Several IT management solutions exist that perform the discovery of installed software for either inventory or licensing purposes. One form of software discovery that is particularly effective exploits a previously defined signature for each product that has to be discovered. The term signature means any type of information that can be consumed by a software discovery application to determine the presence of one or more instances of a software product on a given computer. A typical and particularly simple implementation of a signature is one that specifies the file-name and the file-size of a key application file. In this case, detecting a file with matching characteristics would cause the signature to be matched, thus indicating that the associated software product is installed. One advantage of a signature-based approach to software discovery is that the matching of a signature can be correlated by a management application to a precise definition (name, version, etc.) of the entity (software product) being discovered. A software inventory application which exploits signature-based discovery of installed software therefore has the need of accessing a comprehensive knowledge base of product and signature definitions. The challenge of this approach is to maintain its content up-to-date with respect to:

new software products being continuously made available;

maintenance updates to existing software products. The lack of an industry standard for representing software signatures, let alone of a common shared repository that all software vendors could populate with knowledge about their own published software, determined the need for vendors of IT management solutions to create proprietary implementations of such a product-signature knowledge base, hereafter referred to as “KB”. The value of the KB is directly proportional to the coverage and accuracy of its content, therefore the problem is how to guarantee coverage and accuracy at an affordable cost.

According to known methods normally employed to create product-signature information, one or more of the following actions is performed:

information is directly collected from the software producer (internal development department or independent software vendor);

a technical person who is experienced in the installation or use of a specific software product can manually produce accurate product and signature definitions for that product, or at least for a specific version;

a technical person who is experienced on the software installation and registration facilities available on one or more computing platforms can obtain product definitions by direct inspection of data maintained by the operating system on computers where those products have been installed, then it is possible to manually create signatures for these products based on OS registry values or installed files or both;

a technical person uses software tools that harvest information from a computer where the software is installed, in order to partially automate the activities described above.

All of the above methods have some drawbacks. The first two are only applicable to software products which are internally developed or to products for which in-depth knowledge is available. The other methods require visiting multiple computers where different versions or different maintenance levels of the same software product may be installed, as they may require different signatures. The cost of creating and maintaining the product-signature KB with the above methods are often prohibitive, which results in incomplete and obsolete content.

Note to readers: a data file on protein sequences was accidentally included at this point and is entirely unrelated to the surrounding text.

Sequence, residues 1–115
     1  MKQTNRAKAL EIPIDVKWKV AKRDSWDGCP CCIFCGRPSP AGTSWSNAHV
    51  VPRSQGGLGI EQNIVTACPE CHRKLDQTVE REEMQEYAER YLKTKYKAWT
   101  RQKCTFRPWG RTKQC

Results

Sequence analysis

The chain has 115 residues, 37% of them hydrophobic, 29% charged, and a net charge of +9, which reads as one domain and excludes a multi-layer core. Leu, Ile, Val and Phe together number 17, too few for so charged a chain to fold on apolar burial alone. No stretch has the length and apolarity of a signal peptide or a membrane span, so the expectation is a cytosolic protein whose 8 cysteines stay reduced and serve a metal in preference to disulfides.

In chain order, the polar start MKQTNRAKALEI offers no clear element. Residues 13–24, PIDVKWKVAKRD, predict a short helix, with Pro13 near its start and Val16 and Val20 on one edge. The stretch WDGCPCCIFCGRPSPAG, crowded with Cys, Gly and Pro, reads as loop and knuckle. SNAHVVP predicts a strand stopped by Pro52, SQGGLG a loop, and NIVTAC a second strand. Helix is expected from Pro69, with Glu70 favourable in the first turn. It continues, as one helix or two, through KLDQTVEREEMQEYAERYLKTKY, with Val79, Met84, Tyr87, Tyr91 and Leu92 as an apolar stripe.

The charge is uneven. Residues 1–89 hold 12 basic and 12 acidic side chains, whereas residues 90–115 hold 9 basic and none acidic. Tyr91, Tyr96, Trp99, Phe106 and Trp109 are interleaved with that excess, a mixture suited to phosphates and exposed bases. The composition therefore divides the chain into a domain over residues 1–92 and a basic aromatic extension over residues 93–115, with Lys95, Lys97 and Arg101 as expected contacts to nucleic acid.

It is an object of the present invention to provide a method and a system which alleviates the above drawbacks.


According to the present invention we provide a method of populating a software catalogue with software product identifiers corresponding to software products being discovered on a plurality of data processing systems, the method including the steps of: scanning the file systems of the plurality of data processing system for detecting the occurrence of sets of files, each of the sets being indicative of a product being installed on a data processing system; for each of the sets, determining a corresponding product signature, the signature being associated to a software product; storing the signature and an associated software product identifier on the software catalogue.

Another aspect of the present invention provides a method for inventoring software products across a plurality of data processing system.

A further aspect of the present invention provides a computer program for performing the above-described method.

A still further aspect of the invention provides a program product embodying this program.

Moreover, another aspect of the invention provides a corresponding apparatus for implementing the above method.

The novel features believed to be characteristic of this invention are set forth in the appended claims. The invention itself, however, as well as these and other related objects and advantages thereof, will be best understood by reference to the following detailed description to be read in conjunction with the accompanying drawings.


FIG. 1a is a schematic block diagram of a data processing system in which the method of the invention is applicable;

FIG. 1b shows the functional blocks of a generic computer of the system;

FIG. 2 depicts the main components that can be used for practicing the method; and

FIG. 3 show a diagram describing the flow of activities relating to an illustrative implementation of the method.


With reference in particular to FIG. 1a, a data processing system 100 with distributed architecture implementing a Software Inventory system, is depicted. The system 100 includes multiple endpoints 105, which are grouped into different sets. The endpoints 105 can be workstations, servers, laptops and more generally any kind of data processing system where a plurality of software products is installed. The endpoints 105 are connected to each other through a network 110 (for example, a LAN). The different sets of endpoints 105 communicate with a remote system management server 115 through a network 120 (for example, INTERNET-based); the system management server 115 implements a central repository where inventory data of the system 100 is collected and managed. As mentioned above, the present invention may be implemented in a license management system, but more generally in any system requiring an inventory activity, e.g. a software deployment system which needs to distribute fixes or enahncements to a plurality of workstation, after having inventored the current status of each workstation; another possible use is within a configuration management system.